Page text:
Long-term treatment results of craniosynostosis

Thesis event information

Date and time of the thesis defence

Place of the thesis defence

Oulu University Hospital, auditorium 2

Topic of the dissertation

Long-term treatment results of craniosynostosis

Doctoral candidate

Licentiate of Medicine (M.D) Anja Svalina

Faculty and unit

University of Oulu Graduate School, Faculty of Medicine, Medical Research Center (MRC)

Subject of study



Docent Junnu Leikola , Helsinki University Hospital


Docent Niina Salokorpi , Oulu University Hospital

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Long-term treatment results of children with premature ossification of cranial sutures

The infant's skull is formed from multiple bones. Fibrous joints between the skull bones are called sutures. The condition where one or more sutures are prematurely fused is defined as craniosynostosis. The premature ossification of the sutures can lead to anomalies in the normal function of the brain as well as aesthetical disturbances. Craniosynostosis occurs in 1 to 2 in every 1000 live births.

The purpose of this study was to evaluate the long-term treatment results of patients operated on for sagittal or metopic synostosis in Oulu University Hospital and to investigate whether these patients experienced more psychological problems compared with controls and if facial symmetry played a role in it. Another goal was to evaluate the surgical complications and the need for reoperation in sagittal synostosis patients.

On the basis of the 3D photogrammetric imaging method, the long-term aesthetical results of the patients were good. Adult patients who were treated surgically in childhood for scaphocephaly or trigonocephaly had the most facial asymmetry in the upper parts of the face when compared with controls. These patients did not experience lower self-esteem or more depressive symptoms on follow-up when compared with controls. Panels evaluated the controls’ aesthetical appearance to be more pleasing than the patients’ but the difference was small and the patients themselves were as satisfied as controls with their own appearance.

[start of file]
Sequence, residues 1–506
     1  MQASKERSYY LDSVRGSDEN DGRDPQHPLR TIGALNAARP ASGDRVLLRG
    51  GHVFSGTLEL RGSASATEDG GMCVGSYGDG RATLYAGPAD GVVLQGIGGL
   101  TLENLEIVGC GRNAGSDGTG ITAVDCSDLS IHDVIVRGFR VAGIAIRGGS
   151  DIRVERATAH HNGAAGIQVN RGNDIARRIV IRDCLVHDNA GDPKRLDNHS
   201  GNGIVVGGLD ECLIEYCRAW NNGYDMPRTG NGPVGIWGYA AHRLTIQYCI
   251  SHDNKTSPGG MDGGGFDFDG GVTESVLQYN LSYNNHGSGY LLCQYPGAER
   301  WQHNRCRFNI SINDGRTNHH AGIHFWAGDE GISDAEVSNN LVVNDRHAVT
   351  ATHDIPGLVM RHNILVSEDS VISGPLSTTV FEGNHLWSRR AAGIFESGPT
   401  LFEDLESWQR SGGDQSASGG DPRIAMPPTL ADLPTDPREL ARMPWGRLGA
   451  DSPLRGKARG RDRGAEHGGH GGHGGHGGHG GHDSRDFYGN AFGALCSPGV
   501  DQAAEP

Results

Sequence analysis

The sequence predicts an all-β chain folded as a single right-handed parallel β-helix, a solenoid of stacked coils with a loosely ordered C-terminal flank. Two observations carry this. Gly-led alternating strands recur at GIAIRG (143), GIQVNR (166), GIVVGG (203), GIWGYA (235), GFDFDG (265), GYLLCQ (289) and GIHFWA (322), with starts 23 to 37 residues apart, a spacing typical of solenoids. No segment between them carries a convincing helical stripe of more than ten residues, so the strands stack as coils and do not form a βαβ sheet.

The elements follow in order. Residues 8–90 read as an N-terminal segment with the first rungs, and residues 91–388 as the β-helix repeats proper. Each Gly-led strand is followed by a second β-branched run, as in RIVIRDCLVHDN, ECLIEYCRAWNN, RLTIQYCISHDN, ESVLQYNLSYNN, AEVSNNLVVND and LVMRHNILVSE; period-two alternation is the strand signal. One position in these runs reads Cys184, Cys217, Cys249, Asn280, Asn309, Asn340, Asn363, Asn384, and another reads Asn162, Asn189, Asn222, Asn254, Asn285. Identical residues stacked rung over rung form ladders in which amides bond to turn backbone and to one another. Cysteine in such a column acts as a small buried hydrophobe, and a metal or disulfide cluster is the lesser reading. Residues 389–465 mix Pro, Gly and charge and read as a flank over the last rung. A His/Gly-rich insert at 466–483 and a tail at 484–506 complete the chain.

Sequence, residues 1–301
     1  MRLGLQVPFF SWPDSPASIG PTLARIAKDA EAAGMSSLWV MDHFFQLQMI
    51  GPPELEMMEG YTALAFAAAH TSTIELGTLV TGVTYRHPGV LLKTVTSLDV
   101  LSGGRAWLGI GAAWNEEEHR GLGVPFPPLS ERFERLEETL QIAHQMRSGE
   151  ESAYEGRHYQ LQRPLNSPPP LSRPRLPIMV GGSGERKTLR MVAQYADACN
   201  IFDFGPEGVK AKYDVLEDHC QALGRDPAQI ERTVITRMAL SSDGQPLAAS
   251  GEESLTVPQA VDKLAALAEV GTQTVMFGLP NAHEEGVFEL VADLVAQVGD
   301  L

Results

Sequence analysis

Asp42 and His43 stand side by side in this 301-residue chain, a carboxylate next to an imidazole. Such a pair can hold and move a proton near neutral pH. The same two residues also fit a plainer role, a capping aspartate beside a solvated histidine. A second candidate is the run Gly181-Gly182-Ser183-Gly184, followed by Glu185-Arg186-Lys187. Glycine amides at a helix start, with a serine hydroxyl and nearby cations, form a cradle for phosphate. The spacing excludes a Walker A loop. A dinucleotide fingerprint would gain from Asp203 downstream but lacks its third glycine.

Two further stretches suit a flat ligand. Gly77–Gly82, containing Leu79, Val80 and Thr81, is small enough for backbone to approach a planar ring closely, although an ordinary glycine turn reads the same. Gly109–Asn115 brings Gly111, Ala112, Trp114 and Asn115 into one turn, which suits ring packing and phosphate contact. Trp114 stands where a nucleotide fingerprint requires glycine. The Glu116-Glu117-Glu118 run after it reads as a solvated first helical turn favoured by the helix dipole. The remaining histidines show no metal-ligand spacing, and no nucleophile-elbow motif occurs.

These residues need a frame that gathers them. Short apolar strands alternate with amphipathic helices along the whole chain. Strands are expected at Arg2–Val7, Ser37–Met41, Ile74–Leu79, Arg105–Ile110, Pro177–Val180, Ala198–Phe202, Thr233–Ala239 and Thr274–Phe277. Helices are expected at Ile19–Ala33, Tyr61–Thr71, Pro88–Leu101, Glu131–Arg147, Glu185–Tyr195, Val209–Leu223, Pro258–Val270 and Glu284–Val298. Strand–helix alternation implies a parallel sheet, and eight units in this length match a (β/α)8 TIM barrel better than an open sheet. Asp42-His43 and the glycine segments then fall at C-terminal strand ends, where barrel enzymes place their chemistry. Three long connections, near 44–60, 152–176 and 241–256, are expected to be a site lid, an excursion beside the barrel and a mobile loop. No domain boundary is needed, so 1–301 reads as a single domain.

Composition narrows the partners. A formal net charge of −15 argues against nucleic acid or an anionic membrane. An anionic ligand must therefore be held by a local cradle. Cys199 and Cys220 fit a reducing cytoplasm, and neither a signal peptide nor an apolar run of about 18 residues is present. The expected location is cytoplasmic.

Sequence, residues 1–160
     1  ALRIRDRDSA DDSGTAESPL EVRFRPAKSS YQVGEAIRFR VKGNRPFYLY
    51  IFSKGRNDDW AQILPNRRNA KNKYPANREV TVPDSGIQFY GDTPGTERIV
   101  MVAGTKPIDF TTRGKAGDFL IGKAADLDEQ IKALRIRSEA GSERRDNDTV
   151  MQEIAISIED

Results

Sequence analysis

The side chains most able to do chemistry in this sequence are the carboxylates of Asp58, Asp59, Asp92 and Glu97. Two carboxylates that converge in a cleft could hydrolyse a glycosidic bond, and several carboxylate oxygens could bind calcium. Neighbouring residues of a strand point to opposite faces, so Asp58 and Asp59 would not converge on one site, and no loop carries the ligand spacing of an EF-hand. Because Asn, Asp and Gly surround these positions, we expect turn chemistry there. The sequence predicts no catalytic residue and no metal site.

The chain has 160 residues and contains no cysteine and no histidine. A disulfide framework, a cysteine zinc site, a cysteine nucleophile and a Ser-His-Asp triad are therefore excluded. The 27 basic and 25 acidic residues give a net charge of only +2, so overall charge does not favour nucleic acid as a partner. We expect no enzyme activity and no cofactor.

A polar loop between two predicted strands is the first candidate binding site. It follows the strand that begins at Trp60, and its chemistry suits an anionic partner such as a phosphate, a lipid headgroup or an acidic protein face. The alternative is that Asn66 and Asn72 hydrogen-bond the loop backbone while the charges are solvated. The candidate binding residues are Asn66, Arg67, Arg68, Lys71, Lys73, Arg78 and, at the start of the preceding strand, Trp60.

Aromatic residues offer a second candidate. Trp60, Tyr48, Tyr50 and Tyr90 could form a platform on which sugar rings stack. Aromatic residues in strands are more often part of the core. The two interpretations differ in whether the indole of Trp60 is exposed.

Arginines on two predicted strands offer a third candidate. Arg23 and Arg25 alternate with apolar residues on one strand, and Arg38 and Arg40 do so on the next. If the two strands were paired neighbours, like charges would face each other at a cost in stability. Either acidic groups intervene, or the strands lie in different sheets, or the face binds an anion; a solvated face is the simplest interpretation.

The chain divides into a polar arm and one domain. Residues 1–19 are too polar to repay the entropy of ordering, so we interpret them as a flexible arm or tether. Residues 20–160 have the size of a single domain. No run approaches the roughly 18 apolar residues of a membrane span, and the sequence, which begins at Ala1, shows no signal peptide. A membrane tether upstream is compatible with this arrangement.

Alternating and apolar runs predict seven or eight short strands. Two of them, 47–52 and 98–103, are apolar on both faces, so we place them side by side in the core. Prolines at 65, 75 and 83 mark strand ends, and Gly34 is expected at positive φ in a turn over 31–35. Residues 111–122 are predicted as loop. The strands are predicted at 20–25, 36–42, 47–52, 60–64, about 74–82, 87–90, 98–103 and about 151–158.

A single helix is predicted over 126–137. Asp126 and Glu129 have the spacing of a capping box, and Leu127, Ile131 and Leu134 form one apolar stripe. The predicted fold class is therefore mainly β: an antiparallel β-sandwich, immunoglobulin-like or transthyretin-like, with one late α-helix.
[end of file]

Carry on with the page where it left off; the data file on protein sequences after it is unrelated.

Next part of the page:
The operation method used to treat sagittal synostosis patients in Oulu University Hospital was found to be feasible and safe. No mortality or permanent morbidity was associated with the technique. The aesthetical outcome was evaluated to be excellent or good in over 96% of the cases at the last follow-up visit. All patients (13%) who required a redo surgery were diagnosed with craniocerebral disproportion by the age of five years, thus with follow-up time enough for all progressions to be detected. Following these patients until the age of seven, as it is done in Oulu University Hospital Craniofacial Center, appeared to be sufficient.

These results were greatly encouraging since after an over 26-year period of follow-up, patients had good aesthetical results and did not experience more psychological difficulties as controls.

This study gives valuable information regarding the used operation methods and provides a good basis for future development of procedures and applications.
Last updated: 13.5.2024